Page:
One of the inhabitants, presumably an Amorite, came to warn those of his tribe who were living near Abram by the grove of Mamre. Mamre, and his brothers, Eshcol and Aner, were “confederate with Abram.” …

Abram by this time was practically a king, or at least a tribal chieftain. From his retinue, he was able to gather 318 men, all of them trained in his own household, to pursue the kings and to rescue Lot. It seems probable that a number of the Amorites went with him.

In any case, their total number was surely no match for those invading armies who had already overwhelmed many armies much larger than the contingent following Abram. … But God was with them. Quite probably, the returning armies were relaxing and enjoying the spoils of war, and the idea of a sudden nighttime attack was absolutely the remotest thought from their minds at this time. Abram suddenly attacked them from different directions at once, and they soon became utterly demoralized. They fled, but Abram pursued them all the way to the north of Damascus, recapturing Lot, as well as all the other captives and the booty they had taken. — Morris, pages 316-317


This passage concerning the conquest of the five Canaanite kings by the four kings of the east, though at first sight seemingly tangential in nature, serves the following three contextually-thematically significant purposes: first, it presents us with the first explicit evidence of the truly prophetic nature of Noah’s statement in Genesis 9:25-26, according to which (the descendants of) Canaan would be subordinated/enslaved to (the descendants of) his siblings and uncles (this being the general sense of “brothers”), for the conquering quartet is led by the king of Elam, and the Elamites are descendants of Shem (see Genesis 10:22). This historical precedent would also have served as further encouragement for the Israelites, likewise descended from Shem, in their divinely ordained conquest of the Canaanites. Second, it provides an extremely vivid example of God’s military solicitude for Abram, who succeeds in rescuing Lot (who was taken captive with the Sodomites) by defeating, in turn, the four kings from the east. Insofar as this military solicitude is guaranteed under the Abrahamic Covenant, this would also have served as a historical precedent of military success for the Israelites, Abram’s descendants in the line of Promise, both in their initial conquest of Canaan as well as in their ensuing battles to maintain control of the land. Third, it sets up the immediately following episode in which Abram gives “a tithe of all” the spoil (i.e., the spoil he had taken from the four eastern kings, who had themselves taken it from the five Canaanite kings) to Melchizedek, which is one of the most theologically important encounters in the Bible. — Wechsler, pages 183-184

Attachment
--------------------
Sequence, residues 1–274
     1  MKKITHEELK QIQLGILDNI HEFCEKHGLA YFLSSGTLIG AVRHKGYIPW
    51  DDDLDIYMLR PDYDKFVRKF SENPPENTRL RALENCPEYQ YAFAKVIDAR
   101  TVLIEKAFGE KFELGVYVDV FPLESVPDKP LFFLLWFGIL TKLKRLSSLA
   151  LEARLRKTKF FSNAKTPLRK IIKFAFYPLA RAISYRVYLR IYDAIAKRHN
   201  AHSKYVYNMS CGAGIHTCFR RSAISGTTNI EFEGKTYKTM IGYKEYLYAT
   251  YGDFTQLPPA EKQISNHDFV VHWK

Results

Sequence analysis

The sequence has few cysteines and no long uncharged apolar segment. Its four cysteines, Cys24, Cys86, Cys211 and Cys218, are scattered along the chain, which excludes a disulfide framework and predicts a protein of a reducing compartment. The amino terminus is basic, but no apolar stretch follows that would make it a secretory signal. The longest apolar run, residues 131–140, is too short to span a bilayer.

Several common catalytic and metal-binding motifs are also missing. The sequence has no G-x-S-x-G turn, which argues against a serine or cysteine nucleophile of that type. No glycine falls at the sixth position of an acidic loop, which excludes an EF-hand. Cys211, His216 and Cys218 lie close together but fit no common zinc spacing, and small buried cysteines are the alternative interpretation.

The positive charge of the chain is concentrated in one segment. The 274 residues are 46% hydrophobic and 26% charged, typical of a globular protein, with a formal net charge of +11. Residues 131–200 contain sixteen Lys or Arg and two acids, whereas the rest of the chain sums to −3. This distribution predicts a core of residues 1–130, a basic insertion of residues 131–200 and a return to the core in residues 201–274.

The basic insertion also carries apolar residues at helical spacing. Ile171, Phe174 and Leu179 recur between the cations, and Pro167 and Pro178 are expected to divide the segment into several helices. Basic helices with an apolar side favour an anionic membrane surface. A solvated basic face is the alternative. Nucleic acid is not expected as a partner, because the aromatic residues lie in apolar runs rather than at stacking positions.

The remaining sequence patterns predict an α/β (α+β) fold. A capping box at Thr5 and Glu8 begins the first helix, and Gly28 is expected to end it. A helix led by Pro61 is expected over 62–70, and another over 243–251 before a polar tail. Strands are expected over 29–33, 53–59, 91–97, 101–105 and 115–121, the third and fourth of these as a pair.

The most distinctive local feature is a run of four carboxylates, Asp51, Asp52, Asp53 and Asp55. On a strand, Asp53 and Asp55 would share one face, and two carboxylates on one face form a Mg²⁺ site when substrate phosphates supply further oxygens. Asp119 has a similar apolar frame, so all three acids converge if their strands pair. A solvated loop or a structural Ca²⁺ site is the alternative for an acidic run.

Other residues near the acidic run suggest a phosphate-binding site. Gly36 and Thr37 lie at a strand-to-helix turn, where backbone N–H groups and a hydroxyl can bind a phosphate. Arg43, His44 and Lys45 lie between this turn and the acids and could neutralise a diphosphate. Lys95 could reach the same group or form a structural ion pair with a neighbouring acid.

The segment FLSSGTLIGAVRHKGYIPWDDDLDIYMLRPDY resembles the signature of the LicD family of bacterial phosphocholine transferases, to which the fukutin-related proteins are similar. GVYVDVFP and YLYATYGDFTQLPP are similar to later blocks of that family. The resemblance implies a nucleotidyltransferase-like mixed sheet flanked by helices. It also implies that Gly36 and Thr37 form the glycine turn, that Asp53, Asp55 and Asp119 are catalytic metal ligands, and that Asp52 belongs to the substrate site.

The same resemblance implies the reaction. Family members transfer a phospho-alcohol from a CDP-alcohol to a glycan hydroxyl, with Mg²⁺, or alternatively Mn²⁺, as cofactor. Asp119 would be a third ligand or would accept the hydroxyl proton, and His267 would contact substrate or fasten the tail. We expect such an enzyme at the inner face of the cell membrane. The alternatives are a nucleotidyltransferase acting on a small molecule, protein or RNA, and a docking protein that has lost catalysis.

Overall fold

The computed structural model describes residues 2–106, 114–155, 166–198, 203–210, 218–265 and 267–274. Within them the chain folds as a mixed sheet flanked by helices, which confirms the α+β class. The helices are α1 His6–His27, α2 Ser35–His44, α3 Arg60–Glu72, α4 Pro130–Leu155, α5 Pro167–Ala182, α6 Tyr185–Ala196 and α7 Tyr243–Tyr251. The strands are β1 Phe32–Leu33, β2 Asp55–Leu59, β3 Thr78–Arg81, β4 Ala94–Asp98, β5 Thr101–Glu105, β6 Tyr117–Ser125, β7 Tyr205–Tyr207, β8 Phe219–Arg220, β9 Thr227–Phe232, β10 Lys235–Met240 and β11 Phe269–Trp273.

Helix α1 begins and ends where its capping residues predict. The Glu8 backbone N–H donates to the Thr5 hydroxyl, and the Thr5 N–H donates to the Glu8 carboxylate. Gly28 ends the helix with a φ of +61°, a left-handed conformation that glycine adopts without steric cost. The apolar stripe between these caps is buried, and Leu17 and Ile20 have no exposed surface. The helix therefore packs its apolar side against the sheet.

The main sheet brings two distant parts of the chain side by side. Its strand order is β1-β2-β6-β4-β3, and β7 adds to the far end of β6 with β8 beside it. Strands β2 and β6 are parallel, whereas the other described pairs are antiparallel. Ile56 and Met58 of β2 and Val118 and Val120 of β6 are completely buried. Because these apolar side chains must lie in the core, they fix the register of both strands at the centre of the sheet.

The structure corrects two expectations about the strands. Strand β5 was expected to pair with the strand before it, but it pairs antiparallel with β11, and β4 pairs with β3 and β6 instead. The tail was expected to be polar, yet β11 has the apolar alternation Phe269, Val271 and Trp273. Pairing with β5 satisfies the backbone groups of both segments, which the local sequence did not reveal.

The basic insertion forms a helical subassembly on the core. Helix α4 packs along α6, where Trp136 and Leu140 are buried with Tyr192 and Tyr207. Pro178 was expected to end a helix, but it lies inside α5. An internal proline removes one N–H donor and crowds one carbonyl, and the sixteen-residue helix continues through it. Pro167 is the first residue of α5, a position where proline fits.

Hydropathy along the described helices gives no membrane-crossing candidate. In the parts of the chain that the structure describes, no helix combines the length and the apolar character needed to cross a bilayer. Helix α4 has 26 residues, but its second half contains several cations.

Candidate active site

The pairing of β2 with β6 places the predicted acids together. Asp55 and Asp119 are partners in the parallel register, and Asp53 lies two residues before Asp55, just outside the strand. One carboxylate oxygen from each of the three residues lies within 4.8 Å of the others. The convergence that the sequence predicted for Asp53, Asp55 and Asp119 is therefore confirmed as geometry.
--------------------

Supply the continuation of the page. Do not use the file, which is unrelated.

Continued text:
Some of my commentaries tried to make of this passage an application about how living in the world (Lot) leads to captivity, but living apart from the world (Abram) gives victory.

While there is certainly truth in that, it’s not the reason the Holy Spirit inspired Moses to write it (or edit it, as the case may be). I very much appreciate Wechsler’s take (above)  with his explanation of why this account appears in the Bible.

  • It fulfills prophecy.

  • It encourages the Israelites—who were the chief audience for Moses’ writings.

  • It sets up Abram’s meeting with Melchizedek, which is a significant moment in God’s plan to redeem the world through Israel and, ultimately, through Christ.

If you want to tack an application on the end, fine, but first make sure you understand the actual purpose of the passage.